There may be six more grands prix over the next two months, but it’s almost a foregone conclusion that Max Verstappen will win the 2022 Formula 1 world championship.
Verstappen can clinch his second title in Singapore next week. When he does, he will join the growing number of top single-seater championship who’ve already been crowned this year.
Stoffel Vandoorne won the Formula E title in August. IndyCar already has a champion too, Will Power claiming his second title earlier this month, while Linus Lundqvist took the Lights crown.
On the F1 support bill there’s not much to fight for either, as the Formula 3 season concluded at Monza with Alpine junior Victor Martins being crowned, and new Aston Martin junior Felipe Drugovich also wrapped up his Formula 2 title early that weekend.
W Series returns to action next month at the Singapore Grand Prix. But it has a Verstappen-like scenario of its own, where it looks unlikely anyone will stop Jamie Chadwick from winning the title for the third season in a row.
Even in Super Formula, Japan’s top-level open-wheel series, there is an unusual level of domination that means Tomoki Nojiri could become a two-times champion with a race to spare.
So where in the world can you find a proper title fight right now if you’re a single-seater fan?
The good news is while Super Formula may have become somewhat predictable, its F3-level feeder series SF Lights has shed its reputation of single-driver domination. The title fight between Toyota-backed Kazuto Kotaka and Honda junior Kakunoshin Ohta to be settled at Okayama this weekend.
Kotaka has seven race wins to Ohta’s two, but the less experienced Ohta has won more poles. He’s 13 points behind, with 35 to play for in the season finale.
Japanese Formula 4 also has a hotly-contested fight at the front between Honda juniors Yusuke Mitsui and Syun Koide, and Toyota junior Rin Arakawa who just about remains in contention with two rounds to go. They could continue their rivalry in SF Lights next year, or Honda could decide to send its top two drivers over to Europe as it did with Red Bull juniors Yuki Tsunoda and Ayumu Iwasa.
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With a prize F3 test up for grabs, the battle for the GB3 title between 2020 British F4 champion Luke Browning and 2020 Formula Nordic champion Joel Granfors is definitely one to watch. They’re split by 16.5 points with just one round at Donington Park next month to go.
On their support bill is GB4, Britain’s second F4 series. This boasts a five-way fight heading to Donington, but current points leader Nikolas Taylor and Max Marzorati are the most realistic title contenders. Regardless of who wins, this series in particular is bound to produce very close racing.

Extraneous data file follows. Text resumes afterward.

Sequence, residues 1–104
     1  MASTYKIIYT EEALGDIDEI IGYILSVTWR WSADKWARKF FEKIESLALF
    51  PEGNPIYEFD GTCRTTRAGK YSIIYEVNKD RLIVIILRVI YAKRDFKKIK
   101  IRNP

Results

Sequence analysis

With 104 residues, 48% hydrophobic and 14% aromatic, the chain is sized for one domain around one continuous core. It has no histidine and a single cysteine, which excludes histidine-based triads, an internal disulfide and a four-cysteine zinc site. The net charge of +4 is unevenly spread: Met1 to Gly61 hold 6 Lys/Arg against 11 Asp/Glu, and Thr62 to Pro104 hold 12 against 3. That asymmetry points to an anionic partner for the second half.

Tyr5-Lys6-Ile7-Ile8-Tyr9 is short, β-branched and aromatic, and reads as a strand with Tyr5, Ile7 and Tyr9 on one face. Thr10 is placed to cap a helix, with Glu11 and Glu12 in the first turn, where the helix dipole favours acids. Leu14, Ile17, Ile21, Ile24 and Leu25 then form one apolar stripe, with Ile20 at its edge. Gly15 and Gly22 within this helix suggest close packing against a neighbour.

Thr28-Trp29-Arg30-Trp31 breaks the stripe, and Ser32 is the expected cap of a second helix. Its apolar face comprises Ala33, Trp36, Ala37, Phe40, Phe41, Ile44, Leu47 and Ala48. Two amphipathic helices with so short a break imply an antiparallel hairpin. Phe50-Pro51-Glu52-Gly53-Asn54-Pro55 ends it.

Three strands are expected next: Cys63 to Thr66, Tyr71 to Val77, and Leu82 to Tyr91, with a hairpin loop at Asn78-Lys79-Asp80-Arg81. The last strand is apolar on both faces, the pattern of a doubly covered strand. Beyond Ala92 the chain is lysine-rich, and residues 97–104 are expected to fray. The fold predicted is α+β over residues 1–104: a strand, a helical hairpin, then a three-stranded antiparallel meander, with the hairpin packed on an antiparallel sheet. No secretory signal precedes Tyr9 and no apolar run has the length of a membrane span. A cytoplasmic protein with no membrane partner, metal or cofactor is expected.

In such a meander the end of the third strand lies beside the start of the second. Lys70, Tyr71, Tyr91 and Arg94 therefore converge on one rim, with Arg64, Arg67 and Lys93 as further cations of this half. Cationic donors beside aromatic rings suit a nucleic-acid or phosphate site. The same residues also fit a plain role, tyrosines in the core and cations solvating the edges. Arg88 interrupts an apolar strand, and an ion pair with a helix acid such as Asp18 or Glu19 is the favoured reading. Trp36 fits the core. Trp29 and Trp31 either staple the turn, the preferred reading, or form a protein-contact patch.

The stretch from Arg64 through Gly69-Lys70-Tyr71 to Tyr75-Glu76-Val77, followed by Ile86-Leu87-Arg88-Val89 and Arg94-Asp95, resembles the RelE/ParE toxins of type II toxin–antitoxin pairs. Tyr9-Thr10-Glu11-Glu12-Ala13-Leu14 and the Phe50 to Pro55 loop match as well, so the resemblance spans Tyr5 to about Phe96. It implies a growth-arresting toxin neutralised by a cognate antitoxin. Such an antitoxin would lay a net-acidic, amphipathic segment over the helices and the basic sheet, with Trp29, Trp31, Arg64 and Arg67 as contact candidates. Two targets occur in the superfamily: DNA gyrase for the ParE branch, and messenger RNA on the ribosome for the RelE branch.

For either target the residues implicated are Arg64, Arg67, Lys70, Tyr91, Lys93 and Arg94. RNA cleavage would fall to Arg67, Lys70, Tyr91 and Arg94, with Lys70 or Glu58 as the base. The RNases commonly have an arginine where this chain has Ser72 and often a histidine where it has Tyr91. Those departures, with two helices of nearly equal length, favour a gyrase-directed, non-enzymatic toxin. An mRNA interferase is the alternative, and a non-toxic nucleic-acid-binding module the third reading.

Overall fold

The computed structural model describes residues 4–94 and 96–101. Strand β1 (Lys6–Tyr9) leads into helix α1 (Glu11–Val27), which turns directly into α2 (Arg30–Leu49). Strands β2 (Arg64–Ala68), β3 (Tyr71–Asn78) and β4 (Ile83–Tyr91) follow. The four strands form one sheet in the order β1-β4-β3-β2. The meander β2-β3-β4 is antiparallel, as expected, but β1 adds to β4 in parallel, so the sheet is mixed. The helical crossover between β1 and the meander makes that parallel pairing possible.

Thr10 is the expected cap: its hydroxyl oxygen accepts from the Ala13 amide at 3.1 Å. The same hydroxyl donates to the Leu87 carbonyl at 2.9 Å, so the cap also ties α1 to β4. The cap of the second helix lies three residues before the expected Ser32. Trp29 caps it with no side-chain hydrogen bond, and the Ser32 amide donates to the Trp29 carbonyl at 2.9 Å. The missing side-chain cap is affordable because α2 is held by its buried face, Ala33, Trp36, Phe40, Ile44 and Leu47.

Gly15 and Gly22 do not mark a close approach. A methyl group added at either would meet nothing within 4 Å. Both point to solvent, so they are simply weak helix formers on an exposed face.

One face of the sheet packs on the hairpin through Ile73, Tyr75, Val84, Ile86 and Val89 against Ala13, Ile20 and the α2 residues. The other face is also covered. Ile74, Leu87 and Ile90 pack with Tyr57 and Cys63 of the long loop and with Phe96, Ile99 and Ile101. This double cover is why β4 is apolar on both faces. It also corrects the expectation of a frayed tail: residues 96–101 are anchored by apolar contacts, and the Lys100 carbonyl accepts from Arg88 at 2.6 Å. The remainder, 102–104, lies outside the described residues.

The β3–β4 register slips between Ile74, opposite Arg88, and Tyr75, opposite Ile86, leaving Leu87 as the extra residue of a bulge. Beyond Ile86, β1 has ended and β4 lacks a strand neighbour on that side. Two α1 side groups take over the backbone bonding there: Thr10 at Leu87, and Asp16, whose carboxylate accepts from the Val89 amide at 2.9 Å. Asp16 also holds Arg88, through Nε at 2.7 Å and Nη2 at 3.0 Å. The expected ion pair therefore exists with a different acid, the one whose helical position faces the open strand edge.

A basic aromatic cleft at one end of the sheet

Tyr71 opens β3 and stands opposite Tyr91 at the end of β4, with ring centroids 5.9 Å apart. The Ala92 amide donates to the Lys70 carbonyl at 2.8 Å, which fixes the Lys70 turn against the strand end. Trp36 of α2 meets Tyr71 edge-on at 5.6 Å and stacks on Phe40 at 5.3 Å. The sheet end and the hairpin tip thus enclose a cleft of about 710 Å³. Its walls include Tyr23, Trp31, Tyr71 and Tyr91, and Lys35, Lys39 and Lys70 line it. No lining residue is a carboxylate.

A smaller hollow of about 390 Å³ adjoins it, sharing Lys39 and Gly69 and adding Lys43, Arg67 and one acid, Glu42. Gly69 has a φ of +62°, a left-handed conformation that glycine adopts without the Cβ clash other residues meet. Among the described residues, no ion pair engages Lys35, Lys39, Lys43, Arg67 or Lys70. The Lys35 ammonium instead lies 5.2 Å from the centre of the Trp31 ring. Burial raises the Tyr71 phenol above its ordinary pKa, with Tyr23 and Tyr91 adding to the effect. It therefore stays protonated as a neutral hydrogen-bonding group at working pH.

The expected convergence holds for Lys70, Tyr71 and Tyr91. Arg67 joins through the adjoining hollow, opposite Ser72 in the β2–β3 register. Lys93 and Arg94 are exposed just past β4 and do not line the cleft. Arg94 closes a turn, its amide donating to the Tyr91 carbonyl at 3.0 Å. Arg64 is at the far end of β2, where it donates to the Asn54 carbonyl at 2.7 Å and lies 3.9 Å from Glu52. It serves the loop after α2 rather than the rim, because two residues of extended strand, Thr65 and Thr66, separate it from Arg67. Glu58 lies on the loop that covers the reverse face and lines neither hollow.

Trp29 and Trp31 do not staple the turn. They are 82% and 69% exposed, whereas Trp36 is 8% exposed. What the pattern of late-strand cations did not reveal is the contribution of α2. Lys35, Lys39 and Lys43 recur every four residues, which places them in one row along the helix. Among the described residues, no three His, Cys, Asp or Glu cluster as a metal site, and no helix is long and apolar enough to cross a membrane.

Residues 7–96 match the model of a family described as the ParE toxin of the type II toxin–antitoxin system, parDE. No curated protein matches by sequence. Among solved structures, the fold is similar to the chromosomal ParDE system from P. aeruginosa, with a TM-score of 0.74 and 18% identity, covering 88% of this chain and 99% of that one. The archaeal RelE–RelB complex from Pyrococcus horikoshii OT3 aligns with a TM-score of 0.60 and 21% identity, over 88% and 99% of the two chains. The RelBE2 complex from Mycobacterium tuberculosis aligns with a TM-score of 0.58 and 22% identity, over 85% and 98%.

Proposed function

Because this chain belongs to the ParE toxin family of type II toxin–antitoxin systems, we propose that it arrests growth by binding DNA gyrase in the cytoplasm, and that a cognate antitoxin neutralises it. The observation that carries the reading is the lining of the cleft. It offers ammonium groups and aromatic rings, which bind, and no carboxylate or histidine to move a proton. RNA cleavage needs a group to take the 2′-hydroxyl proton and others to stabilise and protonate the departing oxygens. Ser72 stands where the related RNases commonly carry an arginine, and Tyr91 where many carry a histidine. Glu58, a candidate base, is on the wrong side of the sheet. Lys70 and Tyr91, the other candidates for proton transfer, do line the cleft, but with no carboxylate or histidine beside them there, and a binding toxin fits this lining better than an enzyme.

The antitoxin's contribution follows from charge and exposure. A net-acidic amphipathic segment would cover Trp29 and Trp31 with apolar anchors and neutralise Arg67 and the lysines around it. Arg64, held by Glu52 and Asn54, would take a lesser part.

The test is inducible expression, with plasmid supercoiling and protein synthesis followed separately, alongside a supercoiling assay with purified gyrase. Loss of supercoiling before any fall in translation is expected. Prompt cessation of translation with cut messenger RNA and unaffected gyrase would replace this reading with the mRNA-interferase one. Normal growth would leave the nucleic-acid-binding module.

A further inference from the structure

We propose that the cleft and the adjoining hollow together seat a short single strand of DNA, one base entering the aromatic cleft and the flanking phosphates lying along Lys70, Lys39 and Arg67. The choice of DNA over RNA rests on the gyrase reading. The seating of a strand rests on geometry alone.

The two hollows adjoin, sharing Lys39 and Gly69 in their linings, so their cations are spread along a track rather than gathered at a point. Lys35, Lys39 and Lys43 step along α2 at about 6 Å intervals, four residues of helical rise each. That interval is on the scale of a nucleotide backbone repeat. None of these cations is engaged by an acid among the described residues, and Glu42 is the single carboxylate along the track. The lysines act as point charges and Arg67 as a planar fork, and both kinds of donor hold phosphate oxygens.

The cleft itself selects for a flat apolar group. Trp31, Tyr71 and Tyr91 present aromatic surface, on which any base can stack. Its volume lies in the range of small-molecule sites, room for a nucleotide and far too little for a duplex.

Germany’s ADAC F4 series has a runaway leader in Mercedes junior Andrea Kimi Antonelli, but he is unlikely to contest the final round at the Nürburgring next month. That gives a chance for former Nico Rosberg protege Taylor Barnard to overhaul him in the points table.
In US F4 there are enough races left to run to provide a long list of contenders, while Danish F4 is another series where the title fight will hinge on the top two in the standings both turning up to the final round.
Hugh Barter has been left on the back foot in the French F4 title fight as he was ineligible to score points at two events due to prior circuit experience. But his form suggests he can overturn his 32-point deficit to Alessandro Giusti, which will likely set up a final-race showdown for the crown at Paul Ricard next month.
Finally, one of the most intriguing series hasn’t even started yet. Australia’s S5000 Tasman Series uses cars based on a Formula Regional-spec chassis, like W Series, but fitted with a 560bhp Ford Coyote V8 engine. It has revived the Tasman name used in the sixties for a winter series which many F1 drivers contested.
It’s likely that several professional racing drivers, as well as rising talents from junior single-seaters and the southern hemisphere’s stock car scene, will take part as the three-round series visits three iconic tracks. Former IndyCar street venue Surfers Paradise kicks off the action with races on the streets of the Queensland coast at the end of October, then the fearsome Mount Panorama circuit holds round two in November.
Finally, S5000 will support Australian Supercars on the streets of Adelaide, which previously hosted F1, in December. If its five-round series earlier this year is anything to go by, expect plenty of action.
Over to you
Which of these series will you be watched? And are there ay title fights outside of the single-seater world you’ve got your eye on?
Let us know in the comments.
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